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Shortages of a Lifesaving Medication Threatened Mothers in Nepal. Direct Relief Is Sending 34,000 Doses.

When the Covid-19 pandemic made misoprostol scarce, Nepali women were placed at risk.


Maternal Health

A Nepali family plays with their child. (Photo courtesy of One Heart Worldwide)

In the midst of 2020’s Covid-19 response, a member of Direct Relief’s emergency response team received an unusual request.

Like the rest of his team, Dan Hovey, an emergency response manager at the nonprofit organization, was fielding requests for ventilators, PPE, and other Covid-19-related medical aid from all over the world. But One Heart Worldwide, a maternal health aid group and long-term Direct Relief partner, was asking for something else entirely: misoprostol, a lifesaving drug that’s used to stop postpartum hemorrhage, and that plays an essential role in preventing maternal deaths.

The medicine was intended for Nepal, where it’s an important part of the government’s strategy to prevent maternal deaths across a mountainous, geographically diverse region where help isn’t always close by or easy to reach. The pandemic was making misoprostol hard to come by – and in the process, endangering Nepali women.

A Large-Scale Effort

When it comes to preventing maternal deaths, Nepal has made significant strides in recent decades. According to the Nepal Demographic and Health Survey, the country’s maternal mortality ratio, measured at 529 deaths per 100,000 live births in 1996, decreased to 239 in 2016.

The government has placed birthing facilities in remote communities all over the country, and staffed them with skilled birth attendants. Trained female community health workers, so women are educated about safe and healthy births. Made maternal health services free of cost. Created waiting homes for women preparing to deliver – making it more likely that a woman will make it to a skilled birth attendant in time.

One Heart Worldwide has been working with the Nepali government since 2010 to improve maternal and child health outcomes. Direct Relief has been involved with those efforts since the 2015 Nepal earthquake.

Partnering with One Heart Worldwide, Direct Relief spent $775,000 over four years to build, repair, and equip public birthing centers in rural Nepal, as well as train skilled birthing attendants to staff them. The organization has also donated more than $1.7 million in medical aid to One Heart Worldwide since the earthquake.

“One of the big problems in Nepal is the lack of infrastructure,” said Arlene Samen, a maternal-fetal medicine nurse practitioner and the founder of One Heart Worldwide.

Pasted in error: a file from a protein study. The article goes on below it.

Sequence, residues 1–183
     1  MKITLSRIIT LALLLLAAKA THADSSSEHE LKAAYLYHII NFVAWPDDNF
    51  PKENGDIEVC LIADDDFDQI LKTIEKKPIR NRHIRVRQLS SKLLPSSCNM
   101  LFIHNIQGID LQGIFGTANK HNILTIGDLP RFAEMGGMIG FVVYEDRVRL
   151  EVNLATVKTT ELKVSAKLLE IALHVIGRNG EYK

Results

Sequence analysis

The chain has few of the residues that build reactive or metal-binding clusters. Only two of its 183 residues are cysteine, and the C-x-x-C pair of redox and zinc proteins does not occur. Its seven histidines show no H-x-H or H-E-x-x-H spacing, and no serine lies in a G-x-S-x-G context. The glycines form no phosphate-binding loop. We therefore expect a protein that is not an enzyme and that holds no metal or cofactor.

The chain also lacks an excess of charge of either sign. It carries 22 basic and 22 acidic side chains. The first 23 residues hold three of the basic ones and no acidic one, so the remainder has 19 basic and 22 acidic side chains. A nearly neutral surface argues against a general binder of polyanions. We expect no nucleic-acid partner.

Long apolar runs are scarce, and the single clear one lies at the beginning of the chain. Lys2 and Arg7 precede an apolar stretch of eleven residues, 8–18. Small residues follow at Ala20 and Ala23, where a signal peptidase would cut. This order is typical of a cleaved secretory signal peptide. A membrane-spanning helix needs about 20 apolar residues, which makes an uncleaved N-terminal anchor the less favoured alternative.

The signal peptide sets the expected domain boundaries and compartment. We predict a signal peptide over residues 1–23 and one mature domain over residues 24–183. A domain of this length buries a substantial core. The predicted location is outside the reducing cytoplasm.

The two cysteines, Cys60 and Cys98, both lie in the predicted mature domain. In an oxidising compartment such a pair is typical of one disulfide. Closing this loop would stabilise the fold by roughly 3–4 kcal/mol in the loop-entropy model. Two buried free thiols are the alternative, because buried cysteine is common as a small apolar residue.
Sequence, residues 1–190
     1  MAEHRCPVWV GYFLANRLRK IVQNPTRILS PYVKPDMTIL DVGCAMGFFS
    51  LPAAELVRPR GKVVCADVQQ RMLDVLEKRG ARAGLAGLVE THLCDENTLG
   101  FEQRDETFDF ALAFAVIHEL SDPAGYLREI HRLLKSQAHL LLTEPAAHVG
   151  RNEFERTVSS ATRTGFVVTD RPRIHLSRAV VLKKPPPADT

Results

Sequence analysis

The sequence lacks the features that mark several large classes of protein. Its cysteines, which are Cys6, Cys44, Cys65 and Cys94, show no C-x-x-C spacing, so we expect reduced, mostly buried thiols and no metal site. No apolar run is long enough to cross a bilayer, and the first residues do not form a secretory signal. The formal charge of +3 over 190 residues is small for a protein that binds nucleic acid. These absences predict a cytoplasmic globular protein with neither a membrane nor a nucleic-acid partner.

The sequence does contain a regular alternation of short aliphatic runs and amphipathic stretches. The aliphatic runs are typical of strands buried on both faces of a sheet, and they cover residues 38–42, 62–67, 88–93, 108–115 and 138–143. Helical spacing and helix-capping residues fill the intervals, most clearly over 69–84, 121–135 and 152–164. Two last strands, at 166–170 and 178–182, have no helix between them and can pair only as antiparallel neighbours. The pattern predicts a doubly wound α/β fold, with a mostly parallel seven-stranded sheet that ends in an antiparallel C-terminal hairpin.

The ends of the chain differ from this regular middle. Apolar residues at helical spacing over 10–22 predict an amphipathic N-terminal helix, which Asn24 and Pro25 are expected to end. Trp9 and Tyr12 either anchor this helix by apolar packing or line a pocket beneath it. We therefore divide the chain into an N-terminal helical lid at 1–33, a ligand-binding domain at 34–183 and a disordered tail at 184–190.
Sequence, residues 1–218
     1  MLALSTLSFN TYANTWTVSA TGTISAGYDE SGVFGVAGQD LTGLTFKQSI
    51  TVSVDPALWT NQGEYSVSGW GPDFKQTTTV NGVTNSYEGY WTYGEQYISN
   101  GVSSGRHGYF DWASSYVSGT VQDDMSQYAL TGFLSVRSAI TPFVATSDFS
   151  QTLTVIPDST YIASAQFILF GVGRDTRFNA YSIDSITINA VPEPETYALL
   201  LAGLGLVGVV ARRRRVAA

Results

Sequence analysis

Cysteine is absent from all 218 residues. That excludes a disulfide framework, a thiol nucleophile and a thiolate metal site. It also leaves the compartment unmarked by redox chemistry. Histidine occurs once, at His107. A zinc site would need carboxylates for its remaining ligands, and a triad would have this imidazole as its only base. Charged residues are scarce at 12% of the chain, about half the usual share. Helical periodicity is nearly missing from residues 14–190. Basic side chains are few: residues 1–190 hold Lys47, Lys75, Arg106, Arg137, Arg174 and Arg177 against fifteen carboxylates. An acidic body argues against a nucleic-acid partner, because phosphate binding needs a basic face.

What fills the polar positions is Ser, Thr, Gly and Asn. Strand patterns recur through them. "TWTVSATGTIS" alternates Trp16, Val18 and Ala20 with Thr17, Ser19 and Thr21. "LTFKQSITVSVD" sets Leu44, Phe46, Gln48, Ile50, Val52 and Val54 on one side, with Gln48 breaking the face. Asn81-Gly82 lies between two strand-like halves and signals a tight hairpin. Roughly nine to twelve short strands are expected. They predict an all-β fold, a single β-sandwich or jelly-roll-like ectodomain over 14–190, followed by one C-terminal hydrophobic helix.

Samen explained that the country’s altitude, mountainous terrain, and lack of paved roads in some areas make local, easily accessible birthing facilities a necessity.

As part of its strategy to combat maternal mortality, the Nepali government piloted a program to give misoprostol to women unable to access a birthing center – so that, if the need arose, women could take the medication themselves.

“Nepal is the country that proved that misoprostol can be safely distributed,” said Surya Bhatta, executive director of One Heart Worldwide in Nepal.

Pandemic Threats

But Covid-19 has threatened those gains. A study in the Lancet found that, over the course of four months in lockdown in Nepal, the number of births in government institutions dropped to less than half of their previous levels, although Bhatta explained that local community birthing facilities have actually seen an increase in attendance.

“There are a lot of women in rural Nepal who remain unable to come to the health facilities to deliver their babies,” he said. “We hear of a lot of maternal deaths. We don’t feel it’s right to just stay quiet” and not help.

A Nepali mother and child. (Photo courtesy of One Heart Worldwide)
A Nepali mother and child. (Photo courtesy of One Heart Worldwide)

To save lives, the government has begun instructing female community health volunteers – an important resource in Nepali health care – in the majority of Nepal’s 77 districts to distribute misoprostol directly to women who have completed their seventh month of pregnancy. (The districts are ones in which numbers of home deliveries are high.)

Fifty-five districts are currently receiving misoprostol through these highly trusted educators and counselors. In every town or village, Bhatta said, a female community health volunteer “is a well-known person. She knows more than anybody in her community.”

A Vital Shortage

But the pandemic has also made it harder to get misoprostol in Nepal – and Samen said there have been reports of deaths specifically due to postpartum hemorrhage during home births.

Although Direct Relief maintains a large medical warehouse, the organization didn’t have misoprostol on hand.

But Hovey didn’t want to give up. He asked a colleague to reach out to a long-term partner – the pharmaceutical company Pfizer – to see if they were able to donate the medication.

Pfizer generously donated more than 34,000 doses of misoprostol, which Direct Relief sent to Nepal in late January.

“Direct Relief always comes through when we have challenges that are beyond our control,” Samen said.

Bhatta stressed that, even with essential medications and high-quality facilities, there’s a long road ahead.

“The needs are so great, the geography is so challenging, the literacy, the poverty…it is really difficult to deal with maternal death,” he said. “It takes a village to save a mom.”

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